What I’m calling “Subjective Logic” is a new approach to logic. Fundamentally it is a theory about what sentences mean, i.e. a theory of the proposition, but it includes an account of logical consequence, the propositional connectives, probability, and the nature of truth.
Indexical beliefs pose a special problem for standard theories of Bayesian updating. Sometimes we are uncertain about our location in time and space. How are we to update our beliefs in situations like these? In a stepwise fashion, I develop a constraint on the dynamics of indexical belief. As an application, the suggested constraint is brought to bear on the Sleeping Beauty problem.
In this paper I discuss the foundations of a formal theory of coherent and conservative belief change that is suitable to be used as a method for constructing iterated changes of belief, sensitive to the history of earlier belief changes, and independent of any form of dispositional coherence. I review various ways to conceive the relationship between the beliefs actually held by an agent and her belief change strategies, show the problems they suffer from, and suggest (...) that belief states should be represented by unary revision functions that take sequences of inputs. Three concepts of coherence implicit in current theories of belief change are distinguished: synchronic, diachronic and dispositional coherence. Diachronic coherence is essentially identified with what is known as conservatism in epistemology. The present paper elaborates on the philosophical motivation of the general framework; formal details and results are provided in a companion paper. (shrink)
This paper presents eight (previously unpublished) adaptive logics for belief revision, each of which define a belief revision operation in the sense of the AGM framework. All these revision operations are shown to satisfy the six basic AGM postulates for belief revision, and Parikh's axiom of Relevance. Using one of these logics as an example, we show how their proof theory gives a more dynamic flavor to belief revision than existing approaches. It is argued that this (...) turns belief revision (that obeys Relevance) into a more natural undertaking, where analytic steps are performed only as soon as they turn out to be necessary in order to uphold certain beliefs. (shrink)
The characteristic difference between laws and accidental generalizations lies in our epistemic or inductive attitude towards them. This idea has taken various forms and dominated the discussion about lawlikeness in the last decades. Likewise, the issue about ceteris paribus conditions is essentially about how we epistemically deal with exceptions. Hence, ranking theory with its resources of defeasible reasoning seems ideally suited to explicate these points in a formal way. This is what the paper attempts to do. Thus it will turn (...) out that a law is simply the deterministic analogue of a sequence of independent, identically distributed random variables. This entails that de Finetti's representation theorems can be directly transformed into an account of confirmation of laws thus conceived. (shrink)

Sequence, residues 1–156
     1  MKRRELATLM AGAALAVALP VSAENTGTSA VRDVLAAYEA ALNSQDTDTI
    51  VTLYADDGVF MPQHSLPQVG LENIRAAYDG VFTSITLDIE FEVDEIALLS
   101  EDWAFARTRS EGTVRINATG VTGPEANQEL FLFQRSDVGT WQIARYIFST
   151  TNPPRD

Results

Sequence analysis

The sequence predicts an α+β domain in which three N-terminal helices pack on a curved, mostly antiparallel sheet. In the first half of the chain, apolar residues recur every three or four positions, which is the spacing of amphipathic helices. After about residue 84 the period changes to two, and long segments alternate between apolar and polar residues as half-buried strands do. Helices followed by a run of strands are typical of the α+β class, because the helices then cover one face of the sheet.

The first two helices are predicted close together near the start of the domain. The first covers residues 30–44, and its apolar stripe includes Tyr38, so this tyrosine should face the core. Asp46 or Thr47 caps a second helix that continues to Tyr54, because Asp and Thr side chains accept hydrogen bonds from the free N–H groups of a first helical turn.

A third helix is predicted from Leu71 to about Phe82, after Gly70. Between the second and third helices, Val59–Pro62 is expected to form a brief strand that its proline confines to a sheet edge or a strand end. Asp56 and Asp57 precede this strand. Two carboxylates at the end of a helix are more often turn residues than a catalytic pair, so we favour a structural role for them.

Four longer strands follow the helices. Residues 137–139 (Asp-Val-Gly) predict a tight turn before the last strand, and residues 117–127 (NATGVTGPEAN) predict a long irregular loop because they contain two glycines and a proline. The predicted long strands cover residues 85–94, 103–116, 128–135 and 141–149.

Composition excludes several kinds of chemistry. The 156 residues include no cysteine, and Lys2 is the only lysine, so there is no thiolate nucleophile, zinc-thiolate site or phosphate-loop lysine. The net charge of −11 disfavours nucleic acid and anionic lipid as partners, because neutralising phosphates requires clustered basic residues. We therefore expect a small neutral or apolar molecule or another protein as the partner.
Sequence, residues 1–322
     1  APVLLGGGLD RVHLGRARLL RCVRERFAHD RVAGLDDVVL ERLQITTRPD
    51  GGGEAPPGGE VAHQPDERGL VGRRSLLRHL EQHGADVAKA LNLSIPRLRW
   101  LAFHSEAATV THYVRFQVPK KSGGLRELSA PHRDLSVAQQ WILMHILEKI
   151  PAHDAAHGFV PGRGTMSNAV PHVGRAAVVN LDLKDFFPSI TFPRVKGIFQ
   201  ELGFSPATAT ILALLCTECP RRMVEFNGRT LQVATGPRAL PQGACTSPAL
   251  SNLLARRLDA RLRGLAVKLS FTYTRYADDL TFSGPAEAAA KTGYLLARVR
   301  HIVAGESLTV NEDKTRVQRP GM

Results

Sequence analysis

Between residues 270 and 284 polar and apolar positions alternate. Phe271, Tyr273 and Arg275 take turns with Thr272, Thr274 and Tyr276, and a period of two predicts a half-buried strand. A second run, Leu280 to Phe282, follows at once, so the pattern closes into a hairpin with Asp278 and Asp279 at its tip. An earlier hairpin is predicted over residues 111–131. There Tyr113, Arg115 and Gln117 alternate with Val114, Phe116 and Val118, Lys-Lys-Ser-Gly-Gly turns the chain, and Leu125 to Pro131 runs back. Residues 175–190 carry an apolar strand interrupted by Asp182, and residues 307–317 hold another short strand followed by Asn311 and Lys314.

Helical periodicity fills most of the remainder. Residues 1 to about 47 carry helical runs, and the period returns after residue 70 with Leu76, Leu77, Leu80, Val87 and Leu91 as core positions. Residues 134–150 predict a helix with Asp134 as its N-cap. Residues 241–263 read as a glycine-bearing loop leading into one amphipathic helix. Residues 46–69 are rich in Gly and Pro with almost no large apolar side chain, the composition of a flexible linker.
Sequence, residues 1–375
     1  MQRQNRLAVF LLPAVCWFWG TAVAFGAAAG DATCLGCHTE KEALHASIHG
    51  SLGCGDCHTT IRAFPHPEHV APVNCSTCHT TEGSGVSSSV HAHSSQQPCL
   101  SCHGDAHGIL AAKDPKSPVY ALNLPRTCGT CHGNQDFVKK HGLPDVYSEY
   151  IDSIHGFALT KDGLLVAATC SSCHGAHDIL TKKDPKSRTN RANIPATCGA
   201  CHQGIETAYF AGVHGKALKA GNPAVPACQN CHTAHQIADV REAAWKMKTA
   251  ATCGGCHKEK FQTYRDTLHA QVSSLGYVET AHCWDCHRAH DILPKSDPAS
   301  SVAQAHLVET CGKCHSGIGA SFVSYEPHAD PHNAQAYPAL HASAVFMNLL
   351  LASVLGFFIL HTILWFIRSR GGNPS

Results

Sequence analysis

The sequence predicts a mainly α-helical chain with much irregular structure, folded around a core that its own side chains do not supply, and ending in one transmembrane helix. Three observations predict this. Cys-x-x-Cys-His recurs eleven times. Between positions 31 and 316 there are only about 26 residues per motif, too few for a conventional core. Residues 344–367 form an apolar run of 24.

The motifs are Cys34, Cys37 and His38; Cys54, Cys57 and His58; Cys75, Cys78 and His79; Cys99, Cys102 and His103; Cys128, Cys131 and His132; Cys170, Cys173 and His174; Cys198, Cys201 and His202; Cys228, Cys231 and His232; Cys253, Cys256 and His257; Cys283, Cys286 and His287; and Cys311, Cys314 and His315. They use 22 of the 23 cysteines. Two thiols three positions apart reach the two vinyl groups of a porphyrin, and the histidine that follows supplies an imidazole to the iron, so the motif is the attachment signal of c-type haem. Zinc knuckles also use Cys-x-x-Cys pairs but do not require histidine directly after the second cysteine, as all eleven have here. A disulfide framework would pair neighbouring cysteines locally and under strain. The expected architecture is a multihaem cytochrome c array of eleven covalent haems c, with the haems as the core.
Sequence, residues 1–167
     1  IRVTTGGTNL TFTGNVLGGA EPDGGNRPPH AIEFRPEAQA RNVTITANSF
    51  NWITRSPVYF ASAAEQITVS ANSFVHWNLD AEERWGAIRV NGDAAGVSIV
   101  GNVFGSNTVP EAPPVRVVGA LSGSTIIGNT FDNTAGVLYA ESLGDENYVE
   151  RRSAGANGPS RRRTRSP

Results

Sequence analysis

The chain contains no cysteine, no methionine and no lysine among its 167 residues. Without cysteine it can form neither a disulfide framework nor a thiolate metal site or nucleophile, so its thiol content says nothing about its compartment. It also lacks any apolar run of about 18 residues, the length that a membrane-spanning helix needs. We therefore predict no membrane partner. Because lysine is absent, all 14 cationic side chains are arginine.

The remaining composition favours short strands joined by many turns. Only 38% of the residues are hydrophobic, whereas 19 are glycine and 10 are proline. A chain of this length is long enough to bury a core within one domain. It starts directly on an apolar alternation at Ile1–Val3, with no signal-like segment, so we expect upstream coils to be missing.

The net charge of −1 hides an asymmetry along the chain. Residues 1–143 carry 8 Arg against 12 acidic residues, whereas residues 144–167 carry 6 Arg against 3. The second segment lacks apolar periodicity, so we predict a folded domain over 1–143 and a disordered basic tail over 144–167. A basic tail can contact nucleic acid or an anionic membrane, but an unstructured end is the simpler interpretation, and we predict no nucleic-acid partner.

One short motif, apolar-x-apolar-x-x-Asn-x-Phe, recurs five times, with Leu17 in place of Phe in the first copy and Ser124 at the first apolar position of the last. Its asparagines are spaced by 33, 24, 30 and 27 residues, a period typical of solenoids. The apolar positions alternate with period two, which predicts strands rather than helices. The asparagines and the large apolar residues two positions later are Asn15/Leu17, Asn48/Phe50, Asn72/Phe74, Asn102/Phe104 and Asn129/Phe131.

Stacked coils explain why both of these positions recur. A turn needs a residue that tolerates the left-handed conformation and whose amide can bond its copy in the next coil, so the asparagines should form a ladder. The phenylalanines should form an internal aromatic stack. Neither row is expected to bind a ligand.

Using probability functions defined over a simple language as models of states of belief, my goal in this article has been to analyse contractions and revisions of beliefs. My first strategy was to formulate postulates for these processes. Close parallels between the postulates for contractions and the postulates for revisions have been established - the results in Section 5 show that contractions and revisions are interchangeable. As a second strategy, some suggestions for more or less explicit constructive definitions of (...) the revision process (and indirectly also of the contraction process) were then presented. However, the results in Section 6 are less conclusive than in the earlier ones. This problem area still awaits further development. (shrink)
Argumentation is a dialogical attempt to bring about a desired change in the beliefs of another agent – that is, to trigger a specific belief revision process in the mind of such agent. However, so far formal models of belief revision widely neglected any systematic comparison with argumentation theories, to the point that even the simplest argumentation structures cannot be captured within such models. In this essay, we endeavour to bring together argumentation and belief revision in the (...) same formal framework, and to highlight the important role played by Toulmin’s layout of argument in fostering such integration. (shrink)
This paper examines three accounts of the sleeping beauty case: an account proposed by Adam Elga, an account proposed by David Lewis, and a third account defended in this paper. It provides two reasons for preferring the third account. First, this account does a good job of capturing the temporal continuity of our beliefs, while the accounts favored by Elga and Lewis do not. Second, Elga’s and Lewis’ treatments of the sleeping beauty case lead to highly counterintuitive consequences. The proposed (...) account also leads to counterintuitive consequences, but they’re not as bad as those of Elga’s account, and no worse than those of Lewis’ account. (shrink)
Having entered into the problem structuring methods, system dynamics (SD) is an approach, among systems’ methodologies, which claims to recognize the main structures of socio-economic behaviors. However, the concern for building or discovering strong philosophical underpinnings of SD, undoubtedly playing an important role in the modeling process, is a long-standing issue, in a way that there is a considerable debate about the assumptions or the philosophical foundations of it. In this paper, with a new perspective, we have explored theory (...) of knowledge in SD models and found strange similarities between classic epistemological concepts such as justification and truth, and the mechanism of obtaining knowledge in SD models. In this regard, we have discussed related theories of epistemology and based on this analysis, have suggested some implications for moderating common problems in the modeling process of SD. Furthermore, this research could be considered a reword of system dynamics modeling principles in terms of theory of knowledge. (shrink)